When teens face allegations involving juvenile crimes, most parents immediately become anxious about the outcome of the case. Depending upon the nature of the alleged crime, jail time may be one of many consequences if a conviction occurs.
One of the most common juvenile crimes youths in America face involves the use and/or possession of alcohol. All states have created laws defining the age at which it is legal to consume and possess alcoholic beverages. Here in Massachusetts, the following laws apply to all juveniles.
Youths under the age of 18 have not yet developed the skills necessary to navigate adult life. Unfortunately, this often means that juveniles run the risk of making poor decisions that could land them in legal trouble. In some cases, kids can get out of this trouble with nothing more than a firm (yet frightening) slap on the wrist. Other times, however, an arrest on juvenile crimes could lead to incarceration without a proper defense.
An important part of the juvenile justice system involves preventing youths from continuing to engage in unlawful behaviors. This is important because early preventative actions deter teens from repeatedly getting into trouble with the law. Most parents in Massachusetts agree that protecting youths from convictions for juvenile crimes is critical in raising productive, law-abiding citizens.
As children grow into young adults, they often begin experimenting with what they perceive as grownup behaviors. Unfortunately, many of these activities are illegal both for children and for adults. While kids will certainly be kids, engaging in juvenile crimes can send them down a troubled path. Even worse, it is sometimes difficult for these youths to deviate from this path once they have been processed through the legal system.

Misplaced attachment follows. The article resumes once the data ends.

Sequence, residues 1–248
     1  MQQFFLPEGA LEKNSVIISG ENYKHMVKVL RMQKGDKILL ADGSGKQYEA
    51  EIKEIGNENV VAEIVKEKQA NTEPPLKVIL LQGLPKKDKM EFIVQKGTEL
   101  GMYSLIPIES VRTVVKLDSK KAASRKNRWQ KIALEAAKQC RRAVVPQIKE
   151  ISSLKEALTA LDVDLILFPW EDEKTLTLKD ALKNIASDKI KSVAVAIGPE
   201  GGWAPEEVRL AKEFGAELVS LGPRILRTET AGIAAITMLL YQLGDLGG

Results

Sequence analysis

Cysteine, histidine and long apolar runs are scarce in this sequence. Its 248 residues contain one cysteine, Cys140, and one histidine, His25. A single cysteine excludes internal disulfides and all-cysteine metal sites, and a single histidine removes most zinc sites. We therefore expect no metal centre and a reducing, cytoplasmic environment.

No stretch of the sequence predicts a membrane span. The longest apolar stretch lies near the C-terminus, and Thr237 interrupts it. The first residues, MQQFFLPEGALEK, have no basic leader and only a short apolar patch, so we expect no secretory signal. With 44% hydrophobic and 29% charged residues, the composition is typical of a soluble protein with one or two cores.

When looking at why young people break the law, one of the most important things to consider is whether or not they were exposed to violence at an early age. If they were, researchers say that it makes them far more likely to engage in criminal activity as they grow up.
A 17-year-old and an adult man from Boston have been accused of getting involved in an armed robbery, and both have been arrested. The older man is just 21 years of age.
As a parent, you know that underage drinking happens. Movies about high school and college tend to glamorize it. However, does it happen as much as these fictionalized accounts imply? To understand it, here are three facts you need to know:
Let's be honest: Peer pressure probably still impacts your life as an adult. However, it is nothing like the pressure you faced when you were a teen.
If your juvenile child has been charged with a crime in Massachusetts, you need to act quickly to find an attorney. The longer you wait to find an attorney, the more likely it is that your child could face the penalties associated with the crime they were accused of committing. Today, we will look at the questions you should ask when choosing a juvenile defense attorney for your child.